'Omar' and more

Among them is the highly-anticipated opera “Omar,” with music by Rhiannon Giddens and Michael Abels that is directed by Kaneza Schaal and conducted by John Kennedy, Spoleto's resident conductor and director of orchestral activities.

The festival was forced to twice postpone the production due to the pandemic, delays that afforded Hanna the opportunity to launch his tenure with the splashy offering with local connections. Its protagonist, the enslaved Muslim Omar ibn Said, first landed in America in Charleston.

Hanna noted that during his interview process, "Omar" particularly struck him.

"This piece is obviously the locus of what is coming out of the festival," he said.

Hanna’s own imprimatur is evident in another world premiere, which he brought into the festival. Karim Sulayman’s opera “Unholy Wars” reframes the early baroque works through an Arab American perspective. 

"There is a religious aspect there about a European othering of these crusade conflicts," Hanna said. 

Youssou Ndour Pochette 2016

Youssou N'Dour will be on the program of Spoleto Festival USA 2022. Youri Lenquette/Provided

The festival will also feature a new reworking of an opera that is the work of Yuval Sharon, an innovator in the field who has reordered Puccini’s “La bohème” that upends the traditional narrative.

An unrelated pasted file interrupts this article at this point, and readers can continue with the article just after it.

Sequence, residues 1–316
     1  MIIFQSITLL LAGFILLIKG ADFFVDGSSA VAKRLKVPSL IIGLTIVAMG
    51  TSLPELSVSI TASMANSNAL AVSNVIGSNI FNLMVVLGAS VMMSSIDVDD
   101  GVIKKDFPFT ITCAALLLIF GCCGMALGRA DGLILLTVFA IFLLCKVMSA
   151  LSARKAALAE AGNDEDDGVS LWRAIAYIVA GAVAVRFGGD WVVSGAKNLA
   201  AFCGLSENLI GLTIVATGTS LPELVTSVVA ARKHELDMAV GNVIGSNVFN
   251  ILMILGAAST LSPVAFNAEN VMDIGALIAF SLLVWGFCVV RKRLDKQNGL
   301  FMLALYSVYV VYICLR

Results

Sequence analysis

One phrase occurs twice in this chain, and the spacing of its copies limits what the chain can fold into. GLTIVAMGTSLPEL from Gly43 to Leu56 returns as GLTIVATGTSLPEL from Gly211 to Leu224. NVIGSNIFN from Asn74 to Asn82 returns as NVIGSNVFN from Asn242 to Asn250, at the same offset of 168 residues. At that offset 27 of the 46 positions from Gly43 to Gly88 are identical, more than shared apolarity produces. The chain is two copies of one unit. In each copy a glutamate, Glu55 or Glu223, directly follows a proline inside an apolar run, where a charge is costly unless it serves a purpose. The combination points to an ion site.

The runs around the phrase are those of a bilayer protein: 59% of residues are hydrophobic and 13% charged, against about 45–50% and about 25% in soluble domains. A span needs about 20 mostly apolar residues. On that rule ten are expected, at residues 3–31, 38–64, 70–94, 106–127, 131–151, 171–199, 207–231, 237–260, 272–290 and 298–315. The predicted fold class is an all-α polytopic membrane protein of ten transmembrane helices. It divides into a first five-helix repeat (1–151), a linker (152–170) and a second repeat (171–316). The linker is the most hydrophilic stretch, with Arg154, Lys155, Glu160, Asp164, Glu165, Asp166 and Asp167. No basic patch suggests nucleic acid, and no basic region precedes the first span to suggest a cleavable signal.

Another world premiere takes the form of an acoustic performance of new music by internationally renowned Senegalese pop icon Youssou N'Dour, which draws on his Sufi faith. There are U.S. premieres, too, including a work by American contemporary classical music composer Nico Muhly entitled “The Street,” with text by librettist Alice Goodman; composer/percussionist Jessie Cox’s “Alongside a Chorus of Voices”; and Icelandic composer Anna Thorvaldsdottir’s “Aion,” which was first performed in 2019 in Sweden.

The ever-popular Bank of America Chamber Music holds its longstanding rotation at the Dock Street Theatre, folding in new works by Paul Wiancko, Mark Applebaum and saxophonist Steven Banks, with the latter representing the first appearance of a saxophone in the series. American composer and multi-instrumentalist Tyshawn Sorey is on the festival’s music roster, too, launching a new jazz trio and taking the conductor’s podium with the Spoleto Festival USA Orchestra.

Tyshawn Sorey photo by John Rogers.jpg

Tyshawn Sorey will appear in a new jazz trio and stand at the conductor’s podium with the Spoleto Festival USA Orchestra. John Rogers/Provided

In dance, Brooklyn, N.Y.-based Reggie Wilson/Fist and Heel Performance Group brings on “POWER.” Cuba’s Malpaso Dance Company and stars of the New York City Ballet are also on the roster.